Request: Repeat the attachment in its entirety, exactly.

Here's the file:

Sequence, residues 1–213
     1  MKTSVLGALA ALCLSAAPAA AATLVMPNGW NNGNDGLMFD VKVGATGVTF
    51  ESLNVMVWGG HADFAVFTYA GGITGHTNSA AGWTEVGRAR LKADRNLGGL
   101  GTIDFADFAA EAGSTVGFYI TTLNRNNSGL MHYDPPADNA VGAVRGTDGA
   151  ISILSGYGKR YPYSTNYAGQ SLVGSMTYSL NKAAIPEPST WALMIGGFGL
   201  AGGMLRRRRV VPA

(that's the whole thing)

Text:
Sequence, residues 1–213
     1  MKTSVLGALA ALCLSAAPAA AATLVMPNGW NNGNDGLMFD VKVGATGVTF
    51  ESLNVMVWGG HADFAVFTYA GGITGHTNSA AGWTEVGRAR LKADRNLGGL
   101  GTIDFADFAA EAGSTVGFYI TTLNRNNSGL MHYDPPADNA VGAVRGTDGA
   151  ISILSGYGKR YPYSTNYAGQ SLVGSMTYSL NKAAIPEPST WALMIGGFGL
   201  AGGMLRRRRV VPA